The latest from our blog
It’s not always easy to quantify how effective your marketing efforts are. Are all those tweets your sending out actually converting into paying clients? Is it worth going to endless networking breakfasts or should you start hanging out in LinkedIn groups more? What about paid-for advertising, in print and online?
The truth is that it usually takes several marketing touch points to get a cold lead to a point where you can make a sale, especially within the B2B services market and more so as the price point increases.
Last month, I wrote about why your business needs a client persona. In a nutshell, if you don’t know who exactly you’re aiming your marketing efforts at, there’s a good chance you’re going to do it wrong.
And a general segment of the population just isn’t specific enough - you need that one named person who you can picture in your head every time you’re wondering whether a tweet or a blog post or a newsletter or a sales page is relevant to your target audience.
When Lidia launched Visuable in 2015, the plan was to offer a visual marketing consultancy service, but she soon found her distinct style of photography and design in demand. So the business pivoted and now Lidia works with brands to help them create and communicate their message in an authentic way. Her clients tend to be female entrepreneurs, consultants and people who have commercialised their passion - yoga teachers, writers, hypnotherapists - as well as small businesses with a strong sense of place, such as coffee shops and independent retailers.
My first website was embarrassing. There’s no other way to describe it. I used a free Wordpress template and chose cutesy colours (soft pink and a rather sickly green) with a banner image featuring all sorts of decorative stuff from my house like yarn and colouring pencils and a Japanese fan from my first visit to Kyoto as an undergraduate.
To be fair, I was starting out as a freelance journalist and writing a lot about interiors and crafts and things, so it was more relevant than it might sound. But the point was, although I worked very hard on it, there was a definite sheen of amateurism over the whole thing.
The best way to get better at writing for your business is to practice, right? Well, not quite. In fact, the actual act of tapping on your keyboard and forming letters into words, words into sentences, and sentences into paragraphs is pretty much the end point.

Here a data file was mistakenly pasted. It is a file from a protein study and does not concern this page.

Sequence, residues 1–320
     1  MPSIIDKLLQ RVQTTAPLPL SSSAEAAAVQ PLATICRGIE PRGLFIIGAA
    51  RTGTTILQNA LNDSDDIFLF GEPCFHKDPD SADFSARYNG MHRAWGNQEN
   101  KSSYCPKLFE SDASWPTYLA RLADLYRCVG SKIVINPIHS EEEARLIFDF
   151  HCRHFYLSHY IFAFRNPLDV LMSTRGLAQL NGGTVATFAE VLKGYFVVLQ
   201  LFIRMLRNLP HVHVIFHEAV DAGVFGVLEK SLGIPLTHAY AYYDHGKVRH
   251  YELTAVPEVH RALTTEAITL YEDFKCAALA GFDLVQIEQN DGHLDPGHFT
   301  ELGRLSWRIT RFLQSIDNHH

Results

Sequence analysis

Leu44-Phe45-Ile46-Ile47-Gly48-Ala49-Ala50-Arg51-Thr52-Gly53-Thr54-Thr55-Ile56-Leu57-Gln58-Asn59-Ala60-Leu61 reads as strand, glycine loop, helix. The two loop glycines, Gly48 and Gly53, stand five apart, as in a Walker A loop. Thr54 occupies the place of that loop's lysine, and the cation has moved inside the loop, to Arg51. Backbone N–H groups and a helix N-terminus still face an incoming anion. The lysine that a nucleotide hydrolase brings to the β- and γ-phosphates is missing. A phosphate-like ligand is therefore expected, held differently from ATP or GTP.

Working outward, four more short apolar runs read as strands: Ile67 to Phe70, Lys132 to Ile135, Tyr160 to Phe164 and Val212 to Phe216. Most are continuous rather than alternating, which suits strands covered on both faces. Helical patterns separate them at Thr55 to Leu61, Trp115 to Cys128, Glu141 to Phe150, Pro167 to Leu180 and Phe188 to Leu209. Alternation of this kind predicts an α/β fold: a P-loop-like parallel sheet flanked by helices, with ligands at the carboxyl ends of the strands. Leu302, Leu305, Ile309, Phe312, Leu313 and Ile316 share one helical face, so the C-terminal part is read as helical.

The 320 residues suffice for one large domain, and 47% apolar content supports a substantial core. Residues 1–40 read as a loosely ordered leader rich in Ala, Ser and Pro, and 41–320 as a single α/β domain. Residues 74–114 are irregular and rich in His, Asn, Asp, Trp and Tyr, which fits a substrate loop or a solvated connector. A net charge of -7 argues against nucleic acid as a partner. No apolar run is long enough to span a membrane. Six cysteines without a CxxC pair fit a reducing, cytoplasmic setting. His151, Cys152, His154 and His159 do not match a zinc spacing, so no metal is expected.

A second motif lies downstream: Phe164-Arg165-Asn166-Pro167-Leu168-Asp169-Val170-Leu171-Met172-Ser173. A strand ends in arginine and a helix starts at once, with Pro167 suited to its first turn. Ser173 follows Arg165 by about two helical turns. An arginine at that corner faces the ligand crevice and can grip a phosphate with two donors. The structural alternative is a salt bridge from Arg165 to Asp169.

Before all that, there are some key stages you need to go through to ensure that once you do reach the typing stage, you’re already well on your way to creating effective business copy that will achieve the goals you’ve set for it.
Since founding Winbox in 2013, email marketing expert Marc Woodland has become a well known face on the Bristol business scene. Named Entrepreneur of the Moment by Entrepreneurial Spark Bristol, he’s also appeared on the infamous Gary Vee show.
Winbox works with small businesses across Bristol and beyond, and Marc and his team help their clients gain open and click through rates that are usually around twice industry standards.
Do you remember the blog post I wrote on the 10 quotes about content marketing that hit the nail on the head? I looked back over it the other day and was a little ashamed to see that only two of the 10 quotes were from women (discounting the bonus quote from me).
Are there less women doing great things within the marketing industry? Not a chance! In fact, if I think about some of the people whose marketing abilities I most admire and have been most influenced by, they’re generally women.
The idea of creating a client persona is not a new one, so I’m always surprised by how many business owners haven’t gone through the process. Some feel that a broad demographic band (women aged 35-55, for example) is enough. Others say their services are suitable for everyone, which might technically be true but kind of misses the point.
Because the process of creating a client persona is not about saying you can only work with 28-year-old men called Sebastian who have beards and man buns and drink nothing but artisan coffee.
For punctuation pedants, a misplaced apostrophe is the cause of much rage. Their blood boils at the sight of this elevated comma being used in the wrong place. Personally, I try to stay mellow about it - after all, I can’t kick a ball in a straight line. Everyone has different skills, right?
But when it comes to business, there’s simply no excuse for getting the basics wrong. While the odd typo is inevitable, consistently poor spelling, punctuation and grammar will mark you out as unprofessional.
What on earth did the humble hash symbol do before social media elevated it to celebrity status? I honestly can’t remember having used it much, except to signal I was finished entering a number on a telephone keypad.
But today, the hashtag is a powerful little piece of kit in your marketing toolbox. For example, as I wrote in November’s post about brand tribes, it can unify a group of people in a way that makes them that much easier to target as a customer segment. It can also be used by organisations to generate conversation, build brand awareness and even underpin whole campaigns.